After a swift drink in the nearby Viaduct Tavern, we joined the queue for the 2pm post lunch session. Having given way to friends and family of the convicted, we were allowed in and found security very tight. Although Tim had provided the case listings, some courts were not in operation, and we had to keep climbing stairs as the courts are located over three floors. But the staff were friendly and helpful and guided us to a functioning court which had space in the public gallery. Unfortunately it was a rather tedious pre-trial hearing with a discussion centering around admissible evidence, and it was difficult to hear. Although we’d been told to stay for at least 30 minutes to avoid too much disruption, bearing in mind we were at the far end of the narrow row, we stayed put until the judge decided it was the end of the day and the court was adjourned. However, the afternoon certainly gave me a taste of how the system operates and I cannot wait to return.

The tour costs £15 /£10 for over 65s but access to the Old Bailey is free.

Legal London Combined Tour

Helen Jackson

Join the club

Become a member to receive exclusive benefits

Our community is the heart of Silver Travel Advisor, we love nothing more than sharing ideas, inspiration, hints and tips between us.

Come feel the love on a Princess cruise. You’ll enjoy the MedallionClass experience others simply can’t, and it’s exclusively for everyone. Visit incredible destinations and be involved in the best experiences around each one of them.

Experience more with Princess and connect effortlessly with the world around you, spend time away with loved ones, take a moment for yourself, and fall in love with your holiday of a lifetime, every time.

With over 20 years of experience, Wendy Wu Tours has mastered the art of creating exceptional, fully inclusive tours which showcase the very best of each destination.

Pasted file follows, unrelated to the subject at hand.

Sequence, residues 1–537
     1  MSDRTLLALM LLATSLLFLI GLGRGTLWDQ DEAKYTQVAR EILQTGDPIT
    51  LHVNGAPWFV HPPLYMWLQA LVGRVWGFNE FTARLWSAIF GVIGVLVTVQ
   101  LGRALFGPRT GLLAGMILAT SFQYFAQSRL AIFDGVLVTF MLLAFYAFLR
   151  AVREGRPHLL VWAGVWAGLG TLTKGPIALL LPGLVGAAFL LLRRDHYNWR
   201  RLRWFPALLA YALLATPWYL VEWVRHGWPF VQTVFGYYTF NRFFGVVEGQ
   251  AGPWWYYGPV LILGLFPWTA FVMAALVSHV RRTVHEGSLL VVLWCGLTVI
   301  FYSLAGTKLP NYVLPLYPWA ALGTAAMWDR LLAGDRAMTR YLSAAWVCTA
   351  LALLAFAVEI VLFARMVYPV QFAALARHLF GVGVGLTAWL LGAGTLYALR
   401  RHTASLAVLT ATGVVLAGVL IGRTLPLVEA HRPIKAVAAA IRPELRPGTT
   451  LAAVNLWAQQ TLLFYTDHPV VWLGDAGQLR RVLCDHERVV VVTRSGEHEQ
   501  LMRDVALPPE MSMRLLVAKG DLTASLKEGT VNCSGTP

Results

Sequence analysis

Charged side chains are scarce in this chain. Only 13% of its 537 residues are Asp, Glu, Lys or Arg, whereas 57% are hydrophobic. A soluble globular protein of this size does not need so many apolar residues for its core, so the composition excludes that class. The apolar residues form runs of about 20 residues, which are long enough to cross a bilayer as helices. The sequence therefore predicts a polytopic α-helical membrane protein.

Each tour is led by a world-class guide, who will highlight the very best of their homeland, and includes authentic cultural experiences so you are not just seeing the sights, but truly immersing yourself in local life.

Say hello to ease at sea. Ambassador’s purpose is simple: they want to inspire every guest to experience authentic cruising, effortlessly and sustainably. Passionate about protecting our oceans and destinations, their ships comply with the highest industry emission standards and there is no single-use plastic on board.

On your voyage, you will receive the warmest of welcomes from the Ambassador community as you sail upon the friendliest ships afloat.

This is a global co-operative co-owned by local partners using real local experts and guides, which supports local communities, environments and wildlife. It offers travellers quirky places to stay, activity holidays and learning experiences. Not In The Guidebooks gets travellers off the beaten track into local culture with day experiences and longer, immersive adventures.

From wild wellness breaks in Wales to painting in Portugal, sustainable adventures in Mauritius to food safaris in Brazil, this is immersive, exciting travel.

Seabourn’s five intimate ships carry guests to the heart of great cities, exclusive yacht harbours and secluded coves around the world, while two new purpose-built expedition ships will combine exhilarating adventures in remote destinations with the sophisticated amenities of the world’s finest resorts at sea.

From the luxury of all suite accommodations to complimentary fine wines and spirits, and a no tipping policy, Seabourn exemplifies the definition of travelling well.